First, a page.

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  1. #16
    Super Moderator RetiredGeek's Avatar
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    Zeddy,

    Not the place I'd recommend placing passwords.
    HidePWD.JPG
    Easier to find here than in the VBA as you can hide the project and password protect that or you could put them on a hidden & protected sheet.

    HTH
    May the Forces of good computing be with you!

    RG

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  2. #17
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    Quote Originally Posted by zeddy View Post
    Hi erfan

    if you add a zero it will 'coerce' a textbox entry to be numeric..
    e.g. Me.Txt_Inv_Amount + 0

    I have included this in the attached updated example file.

    I have placed buttons on the [SwitchBoard] sheet.


    No, you don't have much choice with the Excel built-in DataForm (it has a max of 32 data fields).
    But you have discovered that you can 'disable' some of the fields displayed in the DataForm i.e. prevent changes in certain fields, by 'locking' the relevant corresponding data columns and protecting the data-records-worksheet.

    The big advantage of using the Excel built-in DataForm is that it comes with a very good 'search' mode where you can use wildcard characters in the DataForm's fields..
    e.g. sm?th finds "smith" and "smyth", *east finds "Northeast" and "Southeast", * finds records where that field is non-blank etc etc etc

    NOTES:
    These new buttons will require a password to be entered.
    Each button uses a different password.

    Rather than put the actual passwords directly into the vba code, I have placed them in the cells underneath the buttons i.e. in cells [G10], [G12] and [G15], and use vba to 'fetch' these cell values.

    The prompt for a password uses a new UserForm I have added (rather than using a simple InputBox method).
    This allows us to hide the characters entered by the User, by using the Userform's textbox PasswordChar property (which I have set to an asterisk * )

    I have commented the vba code so you can follow what is going on.

    Now, remember, we are here to help you and answer your questions, but are not supposed to do all the work for you!

    ..the password for [Edit Existing Records] is zzzDATA
    ..the password for [ADD New Record] is zzzADD
    ..the password for [Edit Cheque Details] is zzzAHMAD

    zeddy
    Dear Zeddy !

    A bundle of Thanks, Thank you for helping me out; I really appreciate your kindness and support.

  3. The Following User Says Thank You to erfan For This Useful Post:

    zeddy (2018-10-17)

  4. #18
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    Hi erfan

    Thanks for your appreciation - kindness makes a difference.

    zeddy

  5. #19
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    Hi RG

    Now tell me you only found that zzzDATA because I told everyone where it was!

    I agree with you, but this is a training exercise for erfan. It's one step at a time!

    Now I could've formatted those cells with the ;;; custom format, so you wouldn't have seen them in the formula bar! And I tried not to mention the word "password" anywhere for those cells (to rule out the usual search-and-find methods).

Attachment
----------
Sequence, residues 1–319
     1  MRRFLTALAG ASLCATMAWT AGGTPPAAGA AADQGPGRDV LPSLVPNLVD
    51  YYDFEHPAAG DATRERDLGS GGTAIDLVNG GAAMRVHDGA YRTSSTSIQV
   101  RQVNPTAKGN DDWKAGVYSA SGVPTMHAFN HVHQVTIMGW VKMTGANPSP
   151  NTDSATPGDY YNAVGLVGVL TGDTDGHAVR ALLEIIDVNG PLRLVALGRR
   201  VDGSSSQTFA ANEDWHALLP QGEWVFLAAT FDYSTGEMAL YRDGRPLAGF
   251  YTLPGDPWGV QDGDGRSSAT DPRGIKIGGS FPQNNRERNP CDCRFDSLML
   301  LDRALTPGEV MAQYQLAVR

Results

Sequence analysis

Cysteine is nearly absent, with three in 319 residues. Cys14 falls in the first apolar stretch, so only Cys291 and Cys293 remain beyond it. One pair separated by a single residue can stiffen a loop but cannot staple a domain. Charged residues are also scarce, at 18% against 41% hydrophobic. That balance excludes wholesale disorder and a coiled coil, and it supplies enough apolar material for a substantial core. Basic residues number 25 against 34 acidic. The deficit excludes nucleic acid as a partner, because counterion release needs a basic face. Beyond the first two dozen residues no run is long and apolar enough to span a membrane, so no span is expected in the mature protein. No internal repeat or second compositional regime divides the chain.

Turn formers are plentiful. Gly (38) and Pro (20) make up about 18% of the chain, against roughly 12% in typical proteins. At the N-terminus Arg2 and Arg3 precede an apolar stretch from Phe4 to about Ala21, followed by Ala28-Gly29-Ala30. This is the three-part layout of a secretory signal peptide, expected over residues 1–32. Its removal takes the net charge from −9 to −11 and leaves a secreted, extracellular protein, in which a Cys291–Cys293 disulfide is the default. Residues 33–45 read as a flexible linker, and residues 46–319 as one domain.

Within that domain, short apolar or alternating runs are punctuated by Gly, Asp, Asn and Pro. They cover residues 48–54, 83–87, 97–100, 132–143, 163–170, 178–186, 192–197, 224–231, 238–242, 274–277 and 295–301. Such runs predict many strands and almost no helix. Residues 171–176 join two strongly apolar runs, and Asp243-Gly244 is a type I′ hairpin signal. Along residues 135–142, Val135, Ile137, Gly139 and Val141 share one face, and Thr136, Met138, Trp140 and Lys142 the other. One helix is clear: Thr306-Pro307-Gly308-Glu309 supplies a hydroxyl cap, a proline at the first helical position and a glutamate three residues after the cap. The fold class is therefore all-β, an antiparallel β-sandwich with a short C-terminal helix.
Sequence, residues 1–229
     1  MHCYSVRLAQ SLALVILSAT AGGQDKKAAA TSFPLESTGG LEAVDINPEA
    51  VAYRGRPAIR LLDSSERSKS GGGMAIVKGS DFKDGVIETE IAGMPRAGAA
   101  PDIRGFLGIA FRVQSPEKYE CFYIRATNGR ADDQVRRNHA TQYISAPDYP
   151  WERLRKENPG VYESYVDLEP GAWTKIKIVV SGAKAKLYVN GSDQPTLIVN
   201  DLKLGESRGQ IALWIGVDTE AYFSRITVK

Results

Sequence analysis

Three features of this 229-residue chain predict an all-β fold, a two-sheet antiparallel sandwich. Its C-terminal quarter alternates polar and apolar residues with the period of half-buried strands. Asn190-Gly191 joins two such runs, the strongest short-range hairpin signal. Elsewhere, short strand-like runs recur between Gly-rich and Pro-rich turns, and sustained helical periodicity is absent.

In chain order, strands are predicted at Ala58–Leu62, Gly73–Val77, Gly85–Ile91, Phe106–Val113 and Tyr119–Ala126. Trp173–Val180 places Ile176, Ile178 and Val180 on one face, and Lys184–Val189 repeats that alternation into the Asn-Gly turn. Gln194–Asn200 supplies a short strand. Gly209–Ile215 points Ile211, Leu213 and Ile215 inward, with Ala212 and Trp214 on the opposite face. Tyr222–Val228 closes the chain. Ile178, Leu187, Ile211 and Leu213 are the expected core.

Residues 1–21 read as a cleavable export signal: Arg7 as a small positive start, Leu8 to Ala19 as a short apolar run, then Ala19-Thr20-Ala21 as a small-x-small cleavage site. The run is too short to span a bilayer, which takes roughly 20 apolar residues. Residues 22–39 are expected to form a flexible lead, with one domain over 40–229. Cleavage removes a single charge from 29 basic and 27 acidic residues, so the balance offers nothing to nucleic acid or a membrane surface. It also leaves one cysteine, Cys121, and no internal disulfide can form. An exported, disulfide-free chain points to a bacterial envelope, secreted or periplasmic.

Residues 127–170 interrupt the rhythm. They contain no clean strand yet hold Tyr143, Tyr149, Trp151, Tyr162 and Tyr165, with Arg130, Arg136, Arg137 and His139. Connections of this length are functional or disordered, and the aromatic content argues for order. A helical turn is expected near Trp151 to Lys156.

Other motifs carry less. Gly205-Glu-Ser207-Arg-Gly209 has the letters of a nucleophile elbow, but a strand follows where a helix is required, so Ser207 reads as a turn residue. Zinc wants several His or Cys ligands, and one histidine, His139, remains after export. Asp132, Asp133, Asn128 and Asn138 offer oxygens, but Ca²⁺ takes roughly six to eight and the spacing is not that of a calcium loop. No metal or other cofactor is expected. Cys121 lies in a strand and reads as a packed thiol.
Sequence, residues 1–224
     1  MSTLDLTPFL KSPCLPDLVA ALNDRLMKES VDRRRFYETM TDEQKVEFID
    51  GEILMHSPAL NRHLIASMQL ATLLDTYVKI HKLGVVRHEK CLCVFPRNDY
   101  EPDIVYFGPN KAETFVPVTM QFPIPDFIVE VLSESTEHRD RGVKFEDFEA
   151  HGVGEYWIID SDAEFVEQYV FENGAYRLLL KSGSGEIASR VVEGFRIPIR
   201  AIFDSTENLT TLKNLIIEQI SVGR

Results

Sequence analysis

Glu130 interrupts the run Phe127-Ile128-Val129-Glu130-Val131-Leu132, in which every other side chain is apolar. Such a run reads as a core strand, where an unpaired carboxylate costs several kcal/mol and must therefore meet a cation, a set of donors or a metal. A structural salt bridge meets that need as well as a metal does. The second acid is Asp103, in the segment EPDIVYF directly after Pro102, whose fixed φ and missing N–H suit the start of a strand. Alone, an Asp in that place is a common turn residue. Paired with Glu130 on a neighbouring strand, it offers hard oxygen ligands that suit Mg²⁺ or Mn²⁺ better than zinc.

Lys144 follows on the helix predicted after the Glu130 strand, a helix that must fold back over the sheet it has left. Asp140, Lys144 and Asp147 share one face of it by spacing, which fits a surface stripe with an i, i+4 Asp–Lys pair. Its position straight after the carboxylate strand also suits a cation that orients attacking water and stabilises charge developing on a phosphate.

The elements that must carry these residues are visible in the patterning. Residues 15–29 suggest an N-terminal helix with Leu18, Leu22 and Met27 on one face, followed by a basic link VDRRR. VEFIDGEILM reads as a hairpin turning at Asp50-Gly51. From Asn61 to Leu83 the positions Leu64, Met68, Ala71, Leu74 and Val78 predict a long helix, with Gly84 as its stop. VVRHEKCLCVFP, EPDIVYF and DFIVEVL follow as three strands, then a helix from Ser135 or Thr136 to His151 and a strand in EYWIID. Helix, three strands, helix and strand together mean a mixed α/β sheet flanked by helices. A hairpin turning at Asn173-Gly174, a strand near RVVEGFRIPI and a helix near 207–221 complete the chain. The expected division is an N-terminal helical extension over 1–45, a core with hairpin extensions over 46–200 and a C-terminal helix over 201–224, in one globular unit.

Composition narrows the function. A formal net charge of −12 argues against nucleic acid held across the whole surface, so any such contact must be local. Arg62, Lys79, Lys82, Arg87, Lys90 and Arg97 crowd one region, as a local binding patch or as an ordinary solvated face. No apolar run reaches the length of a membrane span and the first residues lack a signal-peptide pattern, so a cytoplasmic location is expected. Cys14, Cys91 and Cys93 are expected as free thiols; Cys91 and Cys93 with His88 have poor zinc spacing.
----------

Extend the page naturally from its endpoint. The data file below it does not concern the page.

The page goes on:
In the real world, there are many methods we can use to protect our creative masterpieces from User abuse!
    One of my favoured methods is to use trigger files to open camouflaged Excel files, using the login ID to identify the User and restrict what that particular User is allowed to do. For additional password control I use easily-remembered algorithms which dynamically change access passwords based on the system clock (i.e. they change hourly and disable access after working-hours, weekends, holidays etc etc etc)

    Now, more importantly than all this stuff, how are you managing with all that bad-weather I see reported around your neck of the woods. Have you anchored your RV safely? Did you need to use your canoes?? Are you stocked up with provisions??? (I keep 50 cans of beans in my emergency larder - I love beans me)

    zeddy

  6. #20
    Super Moderator RetiredGeek's Avatar
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    Zeddy,

    We lucked out with the weather only a lot of rain, which we are used to, and a little wind. Nothing major in our area. My brother who lives in Wilmington, N.C. however got plastered!

    As for the passwords, yes you told us where they were but casually moving around the sheet with the cursor keys would quickly reveal them and IMHO anyone trying to crack in would do obvious stuff like that. I prefer to include the PWs in the code and then lock the code down in the VB Editor so it cant be viewed and use a long password to do it. Also I agree locking access based on User Accounts is an Excellent way to go as I use it often. Of course a determined hacker will even get around the locking up of the code but that does take a modicum of knowledge.

    May the Forces of good computing be with you!

    RG

    PowerShell & VBA Rule!

    My Systems: Desktop Specs
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  7. #21
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    Hi RG

    Now I could've formatted those cells with the ;;; custom format, so you wouldn't have seen them in the formula bar!
    Naturally, we cannot tell everyone how to properly protect stuff, otherwise they'll come back to us to tell them how to 'unprotect' stuff when they forget what they did.

    zeddy
    PS I am aiming to get plastered this weekend. Drunk as a Lord in fact. meeting up with some long lost friends

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